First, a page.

10. Elagolix

De­vel­op­er: Ab­b­Vie
Dis­ease: En­dometrio­sis
2022 pro­ject­ed sales: $1.15 bil­lion

The scoop: Ab­b­Vie would seem to have an ap­proval to mar­ket this drug for en­dometrio­sis al­most in the bag, with sol­id da­ta and an ac­cel­er­at­ed time­line at the FDA that seems to al­most al­ways bode well for de­vel­op­ers. More re­cent­ly, Ab­b­Vie added a full slate of pos­i­tive da­ta from two Phase III stud­ies for uter­ine fi­broids, in­di­cat­ing that broad­er and bet­ter things lie ahead for this new fran­chise ther­a­py. Clar­i­vate’s num­ber here is right in line with mar­ket con­sen­sus, but Ge­of­frey Porges is cheer­ing things along with a $1.4 bil­lion pro­jec­tion. The com­pa­ny got this drug in a $575 mil­lion deal it struck in 2010 with Neu­ro­crine $NBIX, which stands to earn a roy­al­ty pay­out on an ap­proval.


11. Steglatro (er­tugliflozin)

De­vel­op­er: Pfiz­er/Mer­ck
Dis­ease: Di­a­betes
2022 pro­ject­ed sales: $1.09 bil­lion

The scoop: Pfiz­er and Mer­ck are late to the SGLT2 par­ty. Sev­er­al years late, to be ex­act. Eli Lil­ly got out front with Jar­diance and a full set of ri­vals fol­lowed in their paths. Nev­er­the­less, di­a­betes is a mas­sive and grow­ing mar­ket, leav­ing a new ar­rival like this still with­in reach of a block­buster re­turn. Steglatro isn’t win­ning awards for in­no­va­tion, but it’s help­ing pa­tients and of­fer­ing some com­pe­ti­tion in an in­tense­ly com­pet­i­tive are­na. That’s worth some re­ward.


12. Sublo­cade (Once-month­ly buprenor­phine)

De­vel­op­er: In­di­v­ior
Dis­ease: Opi­oid de­pen­dence
2022 pro­ject­ed sales: $1.07 bil­lion

The scoop: In­di­v­ior need­ed this drug ap­proval, bad­ly. With gener­ic ri­vals about to crowd in on its stan­dard treat­ment, a month­ly in­jectable of buprenor­phine — us­ing a mild opi­oid — is a wel­come ad­di­tion to the field of eas­ing opi­oid with­draw­al — one of the hottest is­sues of the day. The FDA in­di­cat­ed that it would help, and with the agency lean­ing in fa­vor of the in­dus­try like nev­er be­fore, that’s mon­ey in the bank.

Scott Gottlieb, AP Images

Scott Got­tlieb is once again join­ing a team that en­joyed good times at the FDA un­der his high-en­er­gy stint at the helm

Right after jumping on Michael Milken’s FasterCures board on Monday, the newly departed FDA commissioner is back today with news about another life sciences board post that gives him a ringside chair to cheer on a lead player in the real-world evidence movement — one with very close ties to the FDA.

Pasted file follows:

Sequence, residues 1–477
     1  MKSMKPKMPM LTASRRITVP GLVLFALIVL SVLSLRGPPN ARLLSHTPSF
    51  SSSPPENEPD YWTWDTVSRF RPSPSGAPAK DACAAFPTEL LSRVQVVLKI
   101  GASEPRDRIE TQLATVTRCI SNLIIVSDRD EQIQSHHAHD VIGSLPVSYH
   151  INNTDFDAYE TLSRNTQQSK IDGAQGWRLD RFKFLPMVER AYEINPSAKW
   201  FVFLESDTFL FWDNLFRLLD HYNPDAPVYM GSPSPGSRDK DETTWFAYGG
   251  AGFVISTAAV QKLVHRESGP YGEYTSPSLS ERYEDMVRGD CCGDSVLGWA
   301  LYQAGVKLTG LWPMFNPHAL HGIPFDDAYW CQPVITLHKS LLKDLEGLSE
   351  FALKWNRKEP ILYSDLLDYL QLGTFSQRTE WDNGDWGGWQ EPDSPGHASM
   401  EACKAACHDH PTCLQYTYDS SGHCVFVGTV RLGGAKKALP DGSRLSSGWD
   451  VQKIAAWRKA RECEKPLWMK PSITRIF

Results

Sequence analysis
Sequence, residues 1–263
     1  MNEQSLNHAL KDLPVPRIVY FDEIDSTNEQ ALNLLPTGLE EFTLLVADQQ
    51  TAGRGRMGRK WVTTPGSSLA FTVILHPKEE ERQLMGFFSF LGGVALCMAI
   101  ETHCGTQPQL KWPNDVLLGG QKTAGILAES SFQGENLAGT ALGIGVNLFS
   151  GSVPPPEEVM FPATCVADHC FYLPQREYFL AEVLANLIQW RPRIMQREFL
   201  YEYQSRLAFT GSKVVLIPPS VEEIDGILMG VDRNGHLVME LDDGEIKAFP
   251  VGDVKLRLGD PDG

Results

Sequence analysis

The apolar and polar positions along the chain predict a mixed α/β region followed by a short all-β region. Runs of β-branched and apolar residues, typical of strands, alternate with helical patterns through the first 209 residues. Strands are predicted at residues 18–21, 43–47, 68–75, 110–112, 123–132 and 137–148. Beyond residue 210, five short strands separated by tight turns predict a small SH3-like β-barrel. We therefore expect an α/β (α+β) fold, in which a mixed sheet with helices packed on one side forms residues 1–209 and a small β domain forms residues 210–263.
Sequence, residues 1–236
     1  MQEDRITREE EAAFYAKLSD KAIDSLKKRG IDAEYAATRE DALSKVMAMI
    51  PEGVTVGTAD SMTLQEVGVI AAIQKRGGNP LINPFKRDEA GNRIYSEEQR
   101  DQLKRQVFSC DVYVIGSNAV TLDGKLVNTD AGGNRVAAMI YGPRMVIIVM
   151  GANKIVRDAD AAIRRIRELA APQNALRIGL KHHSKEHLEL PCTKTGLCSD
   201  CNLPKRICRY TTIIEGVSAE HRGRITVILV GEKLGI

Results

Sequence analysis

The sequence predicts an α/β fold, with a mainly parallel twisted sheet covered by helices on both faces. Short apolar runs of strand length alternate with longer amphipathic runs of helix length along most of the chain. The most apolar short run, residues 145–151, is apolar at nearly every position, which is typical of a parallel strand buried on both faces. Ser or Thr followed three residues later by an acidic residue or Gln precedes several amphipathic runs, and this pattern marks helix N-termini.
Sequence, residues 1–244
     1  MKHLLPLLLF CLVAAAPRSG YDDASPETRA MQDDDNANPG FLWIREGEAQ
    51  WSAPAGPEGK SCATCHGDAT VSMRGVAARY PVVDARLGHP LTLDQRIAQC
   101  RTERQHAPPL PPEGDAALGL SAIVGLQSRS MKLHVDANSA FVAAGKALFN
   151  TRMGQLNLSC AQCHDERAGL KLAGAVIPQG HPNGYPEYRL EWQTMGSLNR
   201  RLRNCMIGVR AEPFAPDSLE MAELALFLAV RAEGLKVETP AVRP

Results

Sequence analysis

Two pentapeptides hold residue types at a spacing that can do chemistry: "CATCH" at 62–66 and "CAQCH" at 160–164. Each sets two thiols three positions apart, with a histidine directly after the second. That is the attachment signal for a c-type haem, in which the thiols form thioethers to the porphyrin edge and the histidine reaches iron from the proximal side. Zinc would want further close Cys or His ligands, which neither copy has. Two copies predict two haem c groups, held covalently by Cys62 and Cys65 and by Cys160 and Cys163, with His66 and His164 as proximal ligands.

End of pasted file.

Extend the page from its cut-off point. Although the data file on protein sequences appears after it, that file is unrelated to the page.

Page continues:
Aetion is reporting this morning that Gottlieb is joining their board, a group that includes Mohamad Makhzoumi, a general partner at New Enterprise Associates, where Gottlieb returned after stepping out of his role at the FDA 2 years after he started.

Gottlieb — one of the best connected execs in biopharma — knows this company well. As head of FDA he championed the use of real-world evidence to help guide drug developers and the agency in gaining greater efficiencies, which helped set up Aetion as a high-profile player in the game.

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San Diego cou­ple charged with steal­ing trade se­crets, open­ing Chi­nese biotech as DOJ crack­down con­tin­ues

A San Diego couple has been charged with stealing trade secrets from a US hospital and opening a business based off those secrets in China as the controversial industry-wide crackdown on alleged corporate espionage continues. On the same day, the Department of Justice announced they had arrested Beijing representative Zhongsan Liu for allegedly trying to obtain research visas for government recruiters.

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Deborah Dunsire. Lundbeck

UP­DAT­ED: Deb­o­rah Dun­sire is pay­ing $2B for a chance to leap di­rect­ly in­to a block­buster show­down with a few of the world's biggest phar­ma gi­ants

A year after taking the reins as CEO of Lundbeck, Deborah Dunsire is making a bold bid to beef up the Danish biotech’s portfolio of drugs in what will likely be a direct leap into an intense rivalry with a group of giants now carving up a growing market for new migraine drugs.